Depending on the research, building new behavior can take a few months to a few years.
That’s often the case with new medicine—especially for people with chronic diseases who take more than one medication each day. In fact, health care experts estimate that three out of four people do not take their medication as prescribed. And it’s not just one pill per day. The number of people who take five or more daily medications has doubled in the past 18 years.
Susan Abughosh, Ph.D., is hoping to improve medication compliance. The University of Houston pharmaceutical health outcomes and policy researcher recently received $459,000 from the National Institutes of Health to help patients with diabetes and high blood pressure follow their medication schedules.
Poor medication adherence kills 125,000 Americans annually and costs the health care system nearly $300 billion a year in additional doctor visits, emergency department visits and hospitalizations, according to the American Heart Association.
The organization also pinpoints four reasons why people don’t take their medication: they forget, they don’t think it’s working, they fear side effects and because of the high cost of prescription drugs.
Abughosh, an associate professor in the UH College of Pharmacy, plans on taking a more personalized approach to getting diabetes and high blood pressure patients to remember to take their medications by adding customized motivational interviewing conversations between patients and UH pharmacy students to help patients take their meds on time.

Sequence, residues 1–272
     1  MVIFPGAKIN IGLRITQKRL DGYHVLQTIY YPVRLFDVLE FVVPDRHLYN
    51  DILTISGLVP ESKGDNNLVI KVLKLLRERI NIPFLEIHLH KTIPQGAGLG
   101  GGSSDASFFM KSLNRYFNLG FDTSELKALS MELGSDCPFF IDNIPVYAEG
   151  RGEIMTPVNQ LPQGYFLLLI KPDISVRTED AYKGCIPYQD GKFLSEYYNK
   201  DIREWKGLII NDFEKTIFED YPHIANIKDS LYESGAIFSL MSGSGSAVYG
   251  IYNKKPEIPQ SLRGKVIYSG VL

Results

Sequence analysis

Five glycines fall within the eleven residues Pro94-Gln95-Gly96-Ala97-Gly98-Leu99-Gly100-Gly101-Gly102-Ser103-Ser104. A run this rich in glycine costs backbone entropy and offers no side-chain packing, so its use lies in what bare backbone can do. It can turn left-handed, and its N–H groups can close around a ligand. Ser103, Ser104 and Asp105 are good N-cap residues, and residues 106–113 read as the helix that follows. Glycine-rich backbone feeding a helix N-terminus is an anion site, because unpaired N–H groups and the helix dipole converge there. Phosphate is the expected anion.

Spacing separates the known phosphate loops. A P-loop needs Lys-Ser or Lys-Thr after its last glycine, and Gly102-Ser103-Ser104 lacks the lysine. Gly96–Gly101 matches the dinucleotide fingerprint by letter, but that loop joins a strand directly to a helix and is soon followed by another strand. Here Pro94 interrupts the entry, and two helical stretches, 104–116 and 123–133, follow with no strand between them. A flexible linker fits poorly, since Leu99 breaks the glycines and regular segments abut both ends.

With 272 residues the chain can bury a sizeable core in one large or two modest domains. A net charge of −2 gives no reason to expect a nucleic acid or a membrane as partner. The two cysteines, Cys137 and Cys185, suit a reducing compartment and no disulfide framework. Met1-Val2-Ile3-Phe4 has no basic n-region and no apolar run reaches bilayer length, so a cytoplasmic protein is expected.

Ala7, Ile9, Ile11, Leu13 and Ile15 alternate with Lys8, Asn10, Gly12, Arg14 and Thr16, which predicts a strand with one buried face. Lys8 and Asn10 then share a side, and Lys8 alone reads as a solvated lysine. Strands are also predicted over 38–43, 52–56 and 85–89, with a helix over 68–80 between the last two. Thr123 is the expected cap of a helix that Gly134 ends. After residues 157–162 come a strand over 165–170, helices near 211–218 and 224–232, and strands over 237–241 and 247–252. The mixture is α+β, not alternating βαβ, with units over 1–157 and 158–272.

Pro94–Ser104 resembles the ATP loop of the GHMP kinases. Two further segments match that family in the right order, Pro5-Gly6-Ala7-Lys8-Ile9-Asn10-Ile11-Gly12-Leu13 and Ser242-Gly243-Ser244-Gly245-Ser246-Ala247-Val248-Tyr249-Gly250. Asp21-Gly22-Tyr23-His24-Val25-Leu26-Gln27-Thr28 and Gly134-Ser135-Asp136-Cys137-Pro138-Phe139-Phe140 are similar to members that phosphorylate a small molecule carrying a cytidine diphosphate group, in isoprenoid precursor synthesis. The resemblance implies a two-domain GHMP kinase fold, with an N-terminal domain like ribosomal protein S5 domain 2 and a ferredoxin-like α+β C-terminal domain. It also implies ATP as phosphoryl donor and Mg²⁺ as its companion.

‘Patients are the experts of themselves’
The motivational interviewing (MI) technique has proven promising in promoting behavioral change, Abughosh said. MI includes asking open-ended questions, positive reinforcement and expressing empathy and understanding.
“Instead of talking as an expert, we train students in motivational interviewing of patients to move them down to behavior change,” she said. “Patients are the experts of themselves, and they have their own reasons why they are not doing it.”
Abughosh is working with Marcia Holstad, a project consultant with Emory University School of Nursing, to teach the students MI techniques. The students will then interview patients by phone during their six-week rotation at Cigna Healthspring, a north Houston health care provider.
For the first year of the three-year grant, the team will identify medication refill patterns by a group of about 15,000 patients who have been prescribed an angiotensin-converting enzyme (ACE) inhibitor or an angiotensin II receptor blocker (ARB), which are commonly used to regulate high blood pressure and diabetes.
Students will make monthly follow-up calls for six months, Abughosh said, and post-intervention data will be examined to see if there has been any improvement for high-risk patients.
“We know that knowledge doesn’t always translate into behavior change, but empathy and reflecting back on the problem actually helps them,” she said. “MI intervention is a powerful tool and could be used in other settings. And, providing the pharmacy students with this kind of resource is a skill they can carry into their own lives.”